May in Review

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Truth be told, May wasn’t the greatest month in regards to my mental health. I think I had more bad days than good, but at least my reading didn’t suffer!

Oh, and look, that’s me!

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Visit SeΓ‘n O’Connor’s website!

(Read: 5 / Reviewed: 5)

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Kinfolk by Matt KurtzA fast-moving tale of survival, Kinfolk was exciting and addictive. I felt desperate to reach the end, as I was dying to know the final outcome. I’d not hesitate to recommend this novel to anyone who relishes the chaotic backwoods, cannibal trope, yet it’s my opinion that this one offers a depth that many of its kind lacks.Β Read my full review here.

The Blood Lights by Elaine PascaleThe Blood Lights was beautifully written, and whilst I found the idea of mysterious lights causing a peculiar illness to be thought-provoking, I considered the payoff to be disappointing. The constant fluctuating between past and present also gave a sense of disorder. Despite the scenes I favoured being brought down by these complaints, it was worth the read overall.Β Read my full review here.

Will Haunt You by Brian KirkWill Haunt YouΒ was an outlandish read, with many twists and turns that married the bizarre and the ominous. Whilst I found enjoyment in the unpredictable sequence of events that challenged Jesse’s sanity, the ending, as well as some other aspects, didn’t quite do it for me. I would have preferred some semblance of understanding when I closed the book for the last time. As it was, more and more questions were piled upon a mountain of confusion.Β Read my full review here.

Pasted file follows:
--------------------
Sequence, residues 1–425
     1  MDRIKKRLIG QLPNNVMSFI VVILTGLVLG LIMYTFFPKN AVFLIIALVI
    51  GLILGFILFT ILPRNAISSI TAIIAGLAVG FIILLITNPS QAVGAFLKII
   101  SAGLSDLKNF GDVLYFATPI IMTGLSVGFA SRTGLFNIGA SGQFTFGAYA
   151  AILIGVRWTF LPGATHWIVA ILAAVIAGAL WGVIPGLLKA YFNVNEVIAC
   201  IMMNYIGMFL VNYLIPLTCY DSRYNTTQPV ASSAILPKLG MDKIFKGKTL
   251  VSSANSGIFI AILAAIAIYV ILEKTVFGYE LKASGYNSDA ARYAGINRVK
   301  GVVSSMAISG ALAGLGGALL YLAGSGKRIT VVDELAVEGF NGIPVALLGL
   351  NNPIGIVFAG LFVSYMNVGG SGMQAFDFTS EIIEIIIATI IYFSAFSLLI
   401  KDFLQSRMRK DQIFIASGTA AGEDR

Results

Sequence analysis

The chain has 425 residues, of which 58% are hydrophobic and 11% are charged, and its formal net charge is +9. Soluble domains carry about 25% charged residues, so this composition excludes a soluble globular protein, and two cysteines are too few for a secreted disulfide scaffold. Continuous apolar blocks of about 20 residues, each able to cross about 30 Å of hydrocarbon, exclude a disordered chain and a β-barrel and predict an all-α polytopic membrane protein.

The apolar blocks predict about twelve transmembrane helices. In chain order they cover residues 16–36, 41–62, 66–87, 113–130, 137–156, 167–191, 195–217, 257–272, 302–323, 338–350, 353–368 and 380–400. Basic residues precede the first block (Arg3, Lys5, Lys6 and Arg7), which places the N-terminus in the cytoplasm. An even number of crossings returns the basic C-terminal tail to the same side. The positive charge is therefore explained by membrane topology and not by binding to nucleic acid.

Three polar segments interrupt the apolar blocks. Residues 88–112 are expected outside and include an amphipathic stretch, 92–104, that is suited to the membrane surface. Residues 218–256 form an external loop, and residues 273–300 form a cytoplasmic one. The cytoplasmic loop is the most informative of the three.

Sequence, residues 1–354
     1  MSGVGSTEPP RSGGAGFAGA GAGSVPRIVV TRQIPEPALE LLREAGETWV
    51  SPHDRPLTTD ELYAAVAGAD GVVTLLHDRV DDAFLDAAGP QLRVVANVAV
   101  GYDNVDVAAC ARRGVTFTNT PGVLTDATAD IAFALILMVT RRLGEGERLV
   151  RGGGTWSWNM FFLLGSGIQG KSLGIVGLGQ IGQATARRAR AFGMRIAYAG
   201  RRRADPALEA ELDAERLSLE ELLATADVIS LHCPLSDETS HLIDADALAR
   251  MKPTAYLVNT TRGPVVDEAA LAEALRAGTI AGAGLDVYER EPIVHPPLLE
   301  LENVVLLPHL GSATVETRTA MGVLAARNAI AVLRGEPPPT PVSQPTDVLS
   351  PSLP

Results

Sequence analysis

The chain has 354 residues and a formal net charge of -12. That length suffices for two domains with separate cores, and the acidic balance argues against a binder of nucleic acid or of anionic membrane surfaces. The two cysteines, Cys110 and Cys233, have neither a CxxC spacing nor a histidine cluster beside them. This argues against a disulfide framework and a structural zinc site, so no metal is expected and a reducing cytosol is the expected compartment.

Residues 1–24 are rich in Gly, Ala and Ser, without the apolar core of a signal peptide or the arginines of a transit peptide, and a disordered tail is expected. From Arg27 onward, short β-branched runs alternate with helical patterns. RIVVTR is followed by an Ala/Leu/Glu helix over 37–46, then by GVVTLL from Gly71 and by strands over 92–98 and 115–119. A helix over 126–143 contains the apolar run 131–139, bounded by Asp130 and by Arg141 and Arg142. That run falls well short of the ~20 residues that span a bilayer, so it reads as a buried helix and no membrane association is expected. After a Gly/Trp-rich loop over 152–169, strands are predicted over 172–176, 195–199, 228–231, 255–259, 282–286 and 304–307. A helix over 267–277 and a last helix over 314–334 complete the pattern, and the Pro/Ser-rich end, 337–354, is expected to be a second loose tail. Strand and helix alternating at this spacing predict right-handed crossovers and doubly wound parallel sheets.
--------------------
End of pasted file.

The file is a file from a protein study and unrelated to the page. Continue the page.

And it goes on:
The Winter People by Jennifer McMahonSometimes a book has such a promising start, and then gradually falls down a few rungs of the metaphorical ladder. The Winter People was a five-star read until a few select characters dumbfounded me with their questionable choices. Whilst these bouts of poor characterisation rubbed me the wrong way, as a whole, I enjoyed the read for the most part. I’d have no hesitation in recommending it to those that relish the quiet side of horror.Β Read my full review here.

Doggem by John F LeonardDoggem was an introduction to an interesting world, one with many secrets teeming beneath its surface. I truthfully had some issues, such as the sheer amount of factors that were mentioned yet neglected, but that’s short pieces of fiction in general; sometimes it’s difficult to connect entirely. I’d still however recommend it, for Leonard’s imagination is something to admire.Β Read my full review here.

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